4.1.2. The approach of the person skilled in the art

Any attempt to squeeze extra performance out of the D1 design would naturally focus on the design of the magnetic head since the permitted degree of eccentricity of the disks would be an industry standard. Following the kind of considerations discussed in connection with Figure 8 of D1, i.e. investigating the vertical variation of the field of the magnetic head with a view to determining optimal thickness of the protective coating of the disk, the skilled person would naturally be led to investigate the horizontal structure of the field of the magnetic head with a view to determining the minimum radial head dimension which would still effectively straddle the wobble path. That this thought would come naturally to the skilled person is flagged throughout D1 by the continual use of the term 'effective magnetic field area' (wirksame Magnetfeldfläche), which points to the fact that the skilled person is aware that the magnetic 'footprint' on the disk under the head is not coterminous with the geometrical projection in the fashion of an ideal mathematical step-function but, following the physical laws which govern the field, would taper gradually, although not necessarily monotonically, depending on the core structure, from a maximum value in the centre to a near zero value sufficiently far outside the geometrical shadow. This is a physical phenomenon which is sufficiently notorious as to have the generic name of 'edge effect'. It follows that finding the minimum radial extent of a head which will still do the job becomes a matter of determining what drop-off in the magnetic field, in dB terms relative to the maximum field, just delivers an acceptable recorded signal and where, relative to the geometrical edge, this occurs. This would be a routine exercise for the person skilled in the art, involving the optimising of a single parameter - the radial location of the limit to the effective footprint - in which the skilled person would be bound to succeed.

4.1.3. The relevance of C/N ratio

The fact that D1 does not refer to C/N ratio is not regarded as significant by the board. It is a standard measure of recorded signal quality and is correspondingly used without explanation or definition in the description of the present application. The reference to 'substantially constant C/N ratio' in the claim reflects the fact that the person skilled in the art would routinely apply an appropriate standard of constancy in determining the effective magnetic edge, eg within industry standard tolerance for record/playback quality.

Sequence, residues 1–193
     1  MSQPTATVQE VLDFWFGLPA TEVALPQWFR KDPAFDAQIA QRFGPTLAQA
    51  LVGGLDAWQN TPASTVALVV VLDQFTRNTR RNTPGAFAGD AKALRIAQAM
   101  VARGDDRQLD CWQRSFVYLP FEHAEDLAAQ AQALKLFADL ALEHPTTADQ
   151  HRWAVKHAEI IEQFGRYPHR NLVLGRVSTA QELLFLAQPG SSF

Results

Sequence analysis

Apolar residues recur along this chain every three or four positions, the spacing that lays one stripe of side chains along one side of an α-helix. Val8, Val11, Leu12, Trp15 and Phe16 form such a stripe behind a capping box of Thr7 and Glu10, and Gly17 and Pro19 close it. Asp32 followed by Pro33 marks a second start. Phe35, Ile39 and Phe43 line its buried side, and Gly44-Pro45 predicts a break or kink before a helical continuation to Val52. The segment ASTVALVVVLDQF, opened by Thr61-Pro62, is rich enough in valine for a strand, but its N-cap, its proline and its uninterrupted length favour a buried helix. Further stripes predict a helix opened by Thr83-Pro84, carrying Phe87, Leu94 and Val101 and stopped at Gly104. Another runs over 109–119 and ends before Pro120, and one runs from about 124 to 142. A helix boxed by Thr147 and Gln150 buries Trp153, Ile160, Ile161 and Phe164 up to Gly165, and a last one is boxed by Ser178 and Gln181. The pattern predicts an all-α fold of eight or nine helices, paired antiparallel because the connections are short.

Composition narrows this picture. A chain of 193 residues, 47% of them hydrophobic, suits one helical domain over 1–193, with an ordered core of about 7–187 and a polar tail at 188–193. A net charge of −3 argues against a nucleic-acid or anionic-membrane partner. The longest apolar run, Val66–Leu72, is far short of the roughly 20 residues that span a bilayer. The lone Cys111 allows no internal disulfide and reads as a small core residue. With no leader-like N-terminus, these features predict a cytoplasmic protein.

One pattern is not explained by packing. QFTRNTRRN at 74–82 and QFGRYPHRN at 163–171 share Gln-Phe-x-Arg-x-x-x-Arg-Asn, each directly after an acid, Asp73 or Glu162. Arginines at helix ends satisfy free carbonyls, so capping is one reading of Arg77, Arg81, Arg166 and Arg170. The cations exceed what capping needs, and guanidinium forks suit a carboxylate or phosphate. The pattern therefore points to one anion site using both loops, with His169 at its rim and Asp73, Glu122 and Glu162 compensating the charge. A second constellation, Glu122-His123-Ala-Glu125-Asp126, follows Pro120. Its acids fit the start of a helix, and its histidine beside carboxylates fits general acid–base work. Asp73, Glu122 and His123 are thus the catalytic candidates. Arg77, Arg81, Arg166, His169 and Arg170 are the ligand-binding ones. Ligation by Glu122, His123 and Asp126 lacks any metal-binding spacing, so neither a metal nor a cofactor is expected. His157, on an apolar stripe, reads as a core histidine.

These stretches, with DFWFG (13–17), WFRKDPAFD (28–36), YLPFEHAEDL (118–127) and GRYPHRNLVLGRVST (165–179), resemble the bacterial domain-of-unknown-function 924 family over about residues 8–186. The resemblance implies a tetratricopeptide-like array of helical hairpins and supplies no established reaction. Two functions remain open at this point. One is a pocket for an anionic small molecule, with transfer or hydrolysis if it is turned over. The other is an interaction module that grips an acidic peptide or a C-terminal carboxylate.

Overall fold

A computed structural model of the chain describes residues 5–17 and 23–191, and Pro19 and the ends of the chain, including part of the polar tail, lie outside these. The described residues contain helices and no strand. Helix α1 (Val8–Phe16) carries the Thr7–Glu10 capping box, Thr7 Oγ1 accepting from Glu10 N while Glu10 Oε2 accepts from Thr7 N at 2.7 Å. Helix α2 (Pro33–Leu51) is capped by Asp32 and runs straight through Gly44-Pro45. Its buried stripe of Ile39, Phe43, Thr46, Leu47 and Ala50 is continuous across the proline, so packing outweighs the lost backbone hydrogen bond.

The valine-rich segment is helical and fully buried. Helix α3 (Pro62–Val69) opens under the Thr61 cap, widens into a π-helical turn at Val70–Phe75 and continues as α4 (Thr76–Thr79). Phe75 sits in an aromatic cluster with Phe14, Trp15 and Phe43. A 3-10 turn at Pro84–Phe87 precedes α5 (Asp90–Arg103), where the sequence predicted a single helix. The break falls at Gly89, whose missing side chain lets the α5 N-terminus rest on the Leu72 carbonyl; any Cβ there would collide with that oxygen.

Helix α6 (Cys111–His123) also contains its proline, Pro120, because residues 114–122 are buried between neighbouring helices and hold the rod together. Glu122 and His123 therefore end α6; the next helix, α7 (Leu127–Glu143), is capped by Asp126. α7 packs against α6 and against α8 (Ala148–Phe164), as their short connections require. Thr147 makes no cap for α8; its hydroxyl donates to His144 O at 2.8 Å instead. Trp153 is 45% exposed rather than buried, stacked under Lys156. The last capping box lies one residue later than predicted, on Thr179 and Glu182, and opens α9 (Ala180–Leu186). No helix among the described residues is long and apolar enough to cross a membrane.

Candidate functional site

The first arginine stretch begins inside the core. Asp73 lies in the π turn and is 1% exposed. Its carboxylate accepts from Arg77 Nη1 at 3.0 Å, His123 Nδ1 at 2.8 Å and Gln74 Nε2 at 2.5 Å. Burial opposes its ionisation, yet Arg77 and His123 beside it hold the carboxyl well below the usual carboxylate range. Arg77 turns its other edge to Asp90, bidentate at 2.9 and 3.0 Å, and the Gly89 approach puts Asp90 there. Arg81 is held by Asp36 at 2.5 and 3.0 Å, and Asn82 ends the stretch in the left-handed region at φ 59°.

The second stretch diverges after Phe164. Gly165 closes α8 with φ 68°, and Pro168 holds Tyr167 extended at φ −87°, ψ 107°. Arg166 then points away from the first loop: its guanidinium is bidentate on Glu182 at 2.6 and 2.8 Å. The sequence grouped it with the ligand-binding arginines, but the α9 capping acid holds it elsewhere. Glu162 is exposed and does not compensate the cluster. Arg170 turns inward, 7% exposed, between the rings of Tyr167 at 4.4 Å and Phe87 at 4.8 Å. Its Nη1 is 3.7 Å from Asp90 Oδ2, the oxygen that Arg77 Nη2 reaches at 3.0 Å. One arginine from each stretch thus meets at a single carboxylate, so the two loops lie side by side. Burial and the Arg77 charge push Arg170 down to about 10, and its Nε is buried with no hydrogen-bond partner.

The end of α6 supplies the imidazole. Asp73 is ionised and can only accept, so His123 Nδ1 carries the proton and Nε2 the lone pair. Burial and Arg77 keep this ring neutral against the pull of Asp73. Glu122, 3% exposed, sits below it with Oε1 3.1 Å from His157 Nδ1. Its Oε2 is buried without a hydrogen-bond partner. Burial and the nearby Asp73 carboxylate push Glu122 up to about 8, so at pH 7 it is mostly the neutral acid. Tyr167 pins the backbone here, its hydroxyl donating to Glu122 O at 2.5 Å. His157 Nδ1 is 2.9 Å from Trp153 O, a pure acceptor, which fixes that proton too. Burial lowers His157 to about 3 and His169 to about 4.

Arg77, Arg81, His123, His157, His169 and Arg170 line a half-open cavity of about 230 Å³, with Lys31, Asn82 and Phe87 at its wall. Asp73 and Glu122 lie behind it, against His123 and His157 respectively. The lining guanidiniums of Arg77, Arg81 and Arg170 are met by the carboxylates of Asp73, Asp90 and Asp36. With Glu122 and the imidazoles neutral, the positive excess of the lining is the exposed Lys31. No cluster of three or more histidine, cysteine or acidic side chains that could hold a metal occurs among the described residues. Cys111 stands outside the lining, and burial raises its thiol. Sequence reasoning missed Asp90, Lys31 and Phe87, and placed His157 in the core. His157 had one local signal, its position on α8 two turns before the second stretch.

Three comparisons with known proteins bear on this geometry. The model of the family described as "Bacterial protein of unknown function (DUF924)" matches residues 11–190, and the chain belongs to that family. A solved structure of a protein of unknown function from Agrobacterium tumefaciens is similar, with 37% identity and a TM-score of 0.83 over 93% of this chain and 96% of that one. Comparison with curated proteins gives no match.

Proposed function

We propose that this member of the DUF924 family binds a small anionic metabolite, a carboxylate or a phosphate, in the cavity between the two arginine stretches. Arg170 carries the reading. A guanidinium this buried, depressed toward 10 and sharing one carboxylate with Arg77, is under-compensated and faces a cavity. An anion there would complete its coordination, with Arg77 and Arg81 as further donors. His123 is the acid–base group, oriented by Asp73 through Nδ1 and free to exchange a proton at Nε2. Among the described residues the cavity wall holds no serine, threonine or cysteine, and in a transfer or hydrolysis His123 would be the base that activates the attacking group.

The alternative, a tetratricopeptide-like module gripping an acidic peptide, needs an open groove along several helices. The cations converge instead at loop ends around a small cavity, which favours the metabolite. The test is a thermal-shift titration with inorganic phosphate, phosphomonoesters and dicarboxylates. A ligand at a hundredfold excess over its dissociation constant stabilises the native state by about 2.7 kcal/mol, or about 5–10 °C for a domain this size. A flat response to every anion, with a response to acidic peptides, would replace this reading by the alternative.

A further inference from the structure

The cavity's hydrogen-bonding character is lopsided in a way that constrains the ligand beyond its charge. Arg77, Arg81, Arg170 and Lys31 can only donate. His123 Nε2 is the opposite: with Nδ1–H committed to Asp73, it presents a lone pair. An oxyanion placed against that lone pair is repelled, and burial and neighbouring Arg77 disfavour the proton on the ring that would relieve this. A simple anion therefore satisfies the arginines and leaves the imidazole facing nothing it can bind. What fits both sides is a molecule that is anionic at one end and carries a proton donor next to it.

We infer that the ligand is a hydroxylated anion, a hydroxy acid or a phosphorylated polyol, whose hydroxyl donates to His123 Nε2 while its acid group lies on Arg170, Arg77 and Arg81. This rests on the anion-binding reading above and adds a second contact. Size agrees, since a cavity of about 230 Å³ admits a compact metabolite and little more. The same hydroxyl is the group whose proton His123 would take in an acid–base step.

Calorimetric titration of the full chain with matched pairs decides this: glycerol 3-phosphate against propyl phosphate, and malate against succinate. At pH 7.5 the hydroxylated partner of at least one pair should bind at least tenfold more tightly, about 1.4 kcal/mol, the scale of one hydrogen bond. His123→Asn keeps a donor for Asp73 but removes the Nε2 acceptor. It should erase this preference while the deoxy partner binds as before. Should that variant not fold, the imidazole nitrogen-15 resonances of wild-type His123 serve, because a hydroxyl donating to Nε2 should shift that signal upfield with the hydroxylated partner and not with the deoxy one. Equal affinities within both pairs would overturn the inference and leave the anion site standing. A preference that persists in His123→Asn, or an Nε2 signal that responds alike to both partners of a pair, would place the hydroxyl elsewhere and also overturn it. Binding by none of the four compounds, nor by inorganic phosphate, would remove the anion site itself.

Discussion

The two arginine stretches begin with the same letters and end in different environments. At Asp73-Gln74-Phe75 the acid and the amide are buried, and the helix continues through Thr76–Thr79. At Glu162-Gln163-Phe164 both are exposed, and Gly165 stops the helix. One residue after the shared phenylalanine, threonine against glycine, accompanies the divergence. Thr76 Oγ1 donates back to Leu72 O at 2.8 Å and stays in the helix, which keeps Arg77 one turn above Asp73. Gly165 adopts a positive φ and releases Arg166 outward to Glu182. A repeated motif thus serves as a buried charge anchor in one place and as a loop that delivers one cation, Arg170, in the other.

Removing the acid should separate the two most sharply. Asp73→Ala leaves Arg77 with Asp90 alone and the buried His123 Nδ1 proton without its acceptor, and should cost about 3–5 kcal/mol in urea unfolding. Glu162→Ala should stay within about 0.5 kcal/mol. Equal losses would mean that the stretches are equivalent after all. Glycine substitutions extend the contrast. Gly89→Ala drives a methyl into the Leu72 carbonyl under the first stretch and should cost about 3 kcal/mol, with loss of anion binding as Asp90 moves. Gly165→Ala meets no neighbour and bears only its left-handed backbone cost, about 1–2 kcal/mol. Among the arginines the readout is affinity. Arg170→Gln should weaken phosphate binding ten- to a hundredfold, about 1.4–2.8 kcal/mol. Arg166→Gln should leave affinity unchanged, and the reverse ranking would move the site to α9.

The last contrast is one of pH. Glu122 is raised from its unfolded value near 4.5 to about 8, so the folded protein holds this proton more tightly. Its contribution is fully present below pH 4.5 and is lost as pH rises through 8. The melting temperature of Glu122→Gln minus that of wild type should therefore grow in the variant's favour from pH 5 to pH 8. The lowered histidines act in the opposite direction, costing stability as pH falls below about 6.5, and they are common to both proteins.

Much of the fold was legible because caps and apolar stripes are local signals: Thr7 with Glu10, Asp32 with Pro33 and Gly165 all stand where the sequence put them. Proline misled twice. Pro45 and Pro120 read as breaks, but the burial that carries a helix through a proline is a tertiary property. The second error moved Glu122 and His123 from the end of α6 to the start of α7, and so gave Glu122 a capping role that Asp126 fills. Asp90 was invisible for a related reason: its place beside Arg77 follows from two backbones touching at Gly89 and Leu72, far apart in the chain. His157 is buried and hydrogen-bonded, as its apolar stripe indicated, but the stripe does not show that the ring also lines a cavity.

4.1.4. The prejudice argument

It was argued by the appellant that the skilled person would in fact fail to arrive at the claimed solution because of the alleged technical prejudice to the effect that the effective magnetic footprint edge was located outside the geometrical edge, and D2 was cited as evidence of this prejudice. A single patent document is not, however, evidence of a prejudice; see decision T 19/81 OJ EPO 1982, 051, headnote, and T 519/89 dated 5. May 1992 (not published in OJ EPO) at point 6.6. It could also be argued that D2 would, if anything, confirm the skilled person in his belief that there was indeed a significant edge effect and in attempting to locate the effective magnetic edge in accordance with D2 he would inevitably find that it was in fact within the geometrical edge and thus arrive at the solution of claim 1.

4.2. First auxiliary request

It is undisputedly notorious that the smaller the area of the head core section the smaller the self inductance and hence the faster the writing time, i.e. the higher the frequency response. On the other hand the head must provide a sufficiently large magnetic field to record a useful signal over a sufficiently large area to accommodate the laser spot wobble. This design trade-off is documented in D1 in the paragraph bridging columns 7 and 8. No evidence or argument was adduced by the appellant to suggest that the value of 0.04. mm2 represented anything other than a value arrived at by routine design considerations within the framework of this known trade-off. It is, in the judgement of the board, a non-inventive selection.

4.3. Second auxiliary request

The feature that the orthogonal (radial) dimension is longer than the parallel (tangential) direction is known from D1 and is accordingly in the prior art portion of the claim. Indeed D1 discloses a generally rectangular (in the sense of right-angled) shape in the paragraph cited immediately above read in conjunction with Figure 3C, so that, strictly speaking, the feature 'rectangular' belongs in the prior art portion also. As regards the particular numerical values, the reasoning above in relation to the first auxiliary request applies mutatis mutandis and the conclusion is the same - a non-inventive selection.

5. Conclusions

For the above reasons the board finds that, having regard to the prior art on file, neither the subject-matter of claim 1 of the main request nor the subject-matters of claims 1 of the first and second auxiliary requests involves an inventive step within the meaning of Article 56 EPC. Consequently a patent cannot be granted on the basis of any of these requests. In these circumstances the dependent claims need not be considered.


For these reasons it is decided that:

The appeal is dismissed.